The authorisation requirements in Part XXA of the Electoral Act apply to:
What communications require an authorisation?
The following communications need to be authorised:
What is an electoral communication?
An electoral communication is the communication of ‘electoral matter’:
What is ‘electoral matter’?
‘Electoral matter’ is matter that is communicated, or intended to be communicated, for the dominant purpose of influencing the way electors vote in an election of a member of the House of Representatives or of Senators for a State or Territory.
For example, unless the contrary is proved, the dominant purpose of a communication is presumed to be electoral matter if the matter expressly promotes or opposes:
The following matters must be taken into account when determining the dominant purpose of a communication or intended communication of matter:
Who or what is a ‘disclosure entity’?
Communication by or on behalf of a disclosure entity is electoral communication. A ‘disclosure entity’ is defined as:
A ‘disclosure entity’ that is not an individual is required to include more details in their authorisation of an electoral.
Where must the authorisation particulars appear in the written communication?
The authorisation particulars for all printed material must be at the end (or bottom) of the printed material in a font size that can be read by a person with 20/20 vision without the use of any visual aid.
Do social media communications require an authorisation?
Yes. Social media content (e.g. communications on Facebook, Twitter, Instagram, etc.) will require an authorisation if the communication includes ‘electoral matter’ in a paid advertisement (including communications which all or part of the distribution or production has been paid for) approved by a person, or is communicated by, or on behalf of, a person.
What authorisation particulars must be included in a social media communication?
The authorisation particulars must include:
The relevant town or city will depend on circumstances of the individual or entity authorising the communication:
Where must the authorisation particulars appear on social media?
If the communication is communicated by social media, the particulars must be notified:
Do digital banner advertisements that may contain electoral matter require authorisation particulars?
Yes. The authorisation details are the same as for social media. The term ‘digital banner advertisement’ includes static or dynamic banners on websites accessed through internet browsers, or videos that stream when banner advertisements are hovered.
Where should the authorisation appear in a digital banner advertisement?
For digital banner advertisements, the particulars must be notified:
The placement and manner of notifying the particulars for digital banner advertisements can be notified in either the static or dynamic banner, or the video.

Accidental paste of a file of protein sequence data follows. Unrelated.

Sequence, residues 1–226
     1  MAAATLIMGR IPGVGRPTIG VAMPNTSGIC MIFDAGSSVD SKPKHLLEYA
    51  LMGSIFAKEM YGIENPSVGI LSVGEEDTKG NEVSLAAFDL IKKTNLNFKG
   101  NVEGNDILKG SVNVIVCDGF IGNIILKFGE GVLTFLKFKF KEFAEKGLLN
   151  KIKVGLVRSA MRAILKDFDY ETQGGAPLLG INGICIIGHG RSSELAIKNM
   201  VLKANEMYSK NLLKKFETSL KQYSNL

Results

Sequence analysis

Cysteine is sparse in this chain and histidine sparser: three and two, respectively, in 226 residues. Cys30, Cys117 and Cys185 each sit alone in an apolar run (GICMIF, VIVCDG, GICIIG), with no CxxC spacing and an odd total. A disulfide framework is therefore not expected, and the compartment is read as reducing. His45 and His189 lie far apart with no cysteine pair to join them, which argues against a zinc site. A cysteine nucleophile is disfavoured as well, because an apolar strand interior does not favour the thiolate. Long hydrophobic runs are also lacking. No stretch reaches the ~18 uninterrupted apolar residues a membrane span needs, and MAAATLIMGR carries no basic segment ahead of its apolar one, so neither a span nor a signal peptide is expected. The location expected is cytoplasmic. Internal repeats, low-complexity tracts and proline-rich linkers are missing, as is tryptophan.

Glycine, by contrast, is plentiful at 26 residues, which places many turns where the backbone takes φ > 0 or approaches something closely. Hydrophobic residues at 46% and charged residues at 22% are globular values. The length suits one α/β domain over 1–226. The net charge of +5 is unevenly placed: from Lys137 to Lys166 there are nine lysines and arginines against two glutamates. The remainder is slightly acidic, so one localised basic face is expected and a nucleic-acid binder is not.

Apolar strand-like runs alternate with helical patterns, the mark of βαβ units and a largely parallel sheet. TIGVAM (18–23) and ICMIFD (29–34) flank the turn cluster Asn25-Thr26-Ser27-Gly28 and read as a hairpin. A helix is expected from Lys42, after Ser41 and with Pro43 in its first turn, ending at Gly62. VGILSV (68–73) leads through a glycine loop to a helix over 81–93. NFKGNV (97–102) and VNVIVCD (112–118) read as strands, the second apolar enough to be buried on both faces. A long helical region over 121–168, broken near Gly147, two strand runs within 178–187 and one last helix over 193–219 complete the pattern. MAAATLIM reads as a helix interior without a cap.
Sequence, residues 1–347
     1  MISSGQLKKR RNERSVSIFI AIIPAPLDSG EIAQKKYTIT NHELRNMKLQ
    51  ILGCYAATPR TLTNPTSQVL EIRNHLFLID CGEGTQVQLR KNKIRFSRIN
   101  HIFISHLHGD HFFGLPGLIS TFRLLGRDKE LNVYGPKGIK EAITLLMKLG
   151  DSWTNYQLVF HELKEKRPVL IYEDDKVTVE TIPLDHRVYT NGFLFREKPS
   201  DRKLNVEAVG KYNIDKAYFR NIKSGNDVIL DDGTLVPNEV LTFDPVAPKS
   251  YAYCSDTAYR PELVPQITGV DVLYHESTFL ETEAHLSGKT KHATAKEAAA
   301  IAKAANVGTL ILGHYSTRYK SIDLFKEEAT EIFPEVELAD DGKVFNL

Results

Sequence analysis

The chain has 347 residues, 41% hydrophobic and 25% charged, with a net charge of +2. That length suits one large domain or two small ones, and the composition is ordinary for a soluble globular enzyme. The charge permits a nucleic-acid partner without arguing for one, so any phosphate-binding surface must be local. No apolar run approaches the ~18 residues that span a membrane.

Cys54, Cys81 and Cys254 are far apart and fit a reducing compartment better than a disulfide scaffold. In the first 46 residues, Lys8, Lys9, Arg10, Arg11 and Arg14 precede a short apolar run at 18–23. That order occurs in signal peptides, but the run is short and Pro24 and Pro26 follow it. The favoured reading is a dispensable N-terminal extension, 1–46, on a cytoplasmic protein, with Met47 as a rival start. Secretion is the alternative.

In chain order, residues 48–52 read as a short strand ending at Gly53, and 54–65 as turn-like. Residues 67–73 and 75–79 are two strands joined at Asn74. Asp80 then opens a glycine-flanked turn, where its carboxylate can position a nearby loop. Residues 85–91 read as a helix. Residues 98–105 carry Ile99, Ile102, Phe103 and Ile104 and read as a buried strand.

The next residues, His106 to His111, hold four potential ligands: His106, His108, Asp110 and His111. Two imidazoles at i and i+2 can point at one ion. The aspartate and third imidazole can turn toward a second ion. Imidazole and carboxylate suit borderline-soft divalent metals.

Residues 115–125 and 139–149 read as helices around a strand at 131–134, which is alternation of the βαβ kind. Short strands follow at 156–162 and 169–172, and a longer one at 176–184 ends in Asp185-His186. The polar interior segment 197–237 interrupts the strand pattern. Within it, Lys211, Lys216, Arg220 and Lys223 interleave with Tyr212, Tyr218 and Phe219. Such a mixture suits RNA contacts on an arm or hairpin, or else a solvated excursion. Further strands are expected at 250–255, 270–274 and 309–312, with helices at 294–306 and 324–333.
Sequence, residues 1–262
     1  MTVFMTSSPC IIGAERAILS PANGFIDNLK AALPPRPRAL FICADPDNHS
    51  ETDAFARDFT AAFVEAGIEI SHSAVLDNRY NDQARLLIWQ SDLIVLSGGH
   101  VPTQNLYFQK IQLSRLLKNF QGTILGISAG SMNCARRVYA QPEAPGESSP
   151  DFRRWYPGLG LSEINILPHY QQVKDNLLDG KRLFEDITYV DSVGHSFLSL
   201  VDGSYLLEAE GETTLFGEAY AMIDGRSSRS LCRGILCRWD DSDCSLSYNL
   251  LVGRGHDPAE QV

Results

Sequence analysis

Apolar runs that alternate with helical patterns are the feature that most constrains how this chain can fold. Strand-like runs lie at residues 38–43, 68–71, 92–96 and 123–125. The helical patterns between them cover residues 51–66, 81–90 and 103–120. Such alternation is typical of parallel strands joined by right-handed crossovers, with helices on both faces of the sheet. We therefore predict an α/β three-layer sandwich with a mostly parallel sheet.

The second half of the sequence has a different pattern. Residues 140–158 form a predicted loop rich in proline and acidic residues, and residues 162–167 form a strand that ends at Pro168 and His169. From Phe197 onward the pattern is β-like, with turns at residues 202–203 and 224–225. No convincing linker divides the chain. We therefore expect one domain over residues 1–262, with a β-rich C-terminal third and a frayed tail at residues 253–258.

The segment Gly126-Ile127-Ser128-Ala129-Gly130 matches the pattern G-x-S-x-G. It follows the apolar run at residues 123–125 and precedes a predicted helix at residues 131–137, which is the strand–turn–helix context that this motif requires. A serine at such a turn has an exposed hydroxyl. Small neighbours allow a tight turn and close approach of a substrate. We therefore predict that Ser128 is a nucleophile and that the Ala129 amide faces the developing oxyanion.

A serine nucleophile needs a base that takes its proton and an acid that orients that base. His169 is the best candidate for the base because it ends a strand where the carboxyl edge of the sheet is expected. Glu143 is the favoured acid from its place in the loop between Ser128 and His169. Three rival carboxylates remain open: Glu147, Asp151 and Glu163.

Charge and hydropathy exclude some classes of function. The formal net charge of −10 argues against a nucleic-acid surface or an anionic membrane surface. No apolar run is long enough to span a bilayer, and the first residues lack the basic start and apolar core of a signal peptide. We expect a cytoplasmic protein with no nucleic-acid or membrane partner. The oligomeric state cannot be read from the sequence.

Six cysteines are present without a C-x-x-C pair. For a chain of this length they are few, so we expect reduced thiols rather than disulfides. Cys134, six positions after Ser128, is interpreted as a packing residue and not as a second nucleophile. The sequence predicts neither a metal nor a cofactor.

Does the Electoral Act require truth in electoral advertising?
No. The AEC has no role in regulating the political content of electoral advertising. The AEC is responsible for ensuring, as far as possible, that electoral advertising does not mislead or deceive voters about the way in which they must cast their vote. For example, how-to-vote cards should not advocate optional preferential voting, because, with limited exceptions, the Act clearly requires full preferential voting. Incomplete ballot papers are informal and unable to be counted.
What does section 329 of the Electoral Act cover?
Subsection 329(1) of the Electoral Act makes it an offence to print, publish or distribute, or cause, permit or authorise to be printed, published or distributed, any matter or thing that is likely to mislead or deceive an elector in relation to the casting of a vote. Section 329 applies not only to printed matter but also to electoral advertisements broadcast on radio, television, the internet or by telephone. Subsection 329(5) provides that in a prosecution of an offender, it is a defence if it is proved that the person did not know, and could not reasonably be expected to have known, that the matter or thing was likely to mislead an elector in relation to the casting of a vote.
Electronic media ‘blackout’
Under the Broadcasting Services Act, which is administered by the Australian Communications and Media Authority, election advertising in the electronic media is subject to a ‘blackout’ from midnight on the Wednesday before polling day to the end of polling on the Saturday.
This three-day blackout effectively provides a ‘cooling off’ period in the lead up to polling day, during which political parties, candidates and others are no longer able to purchase time on television and radio to broadcast political advertising.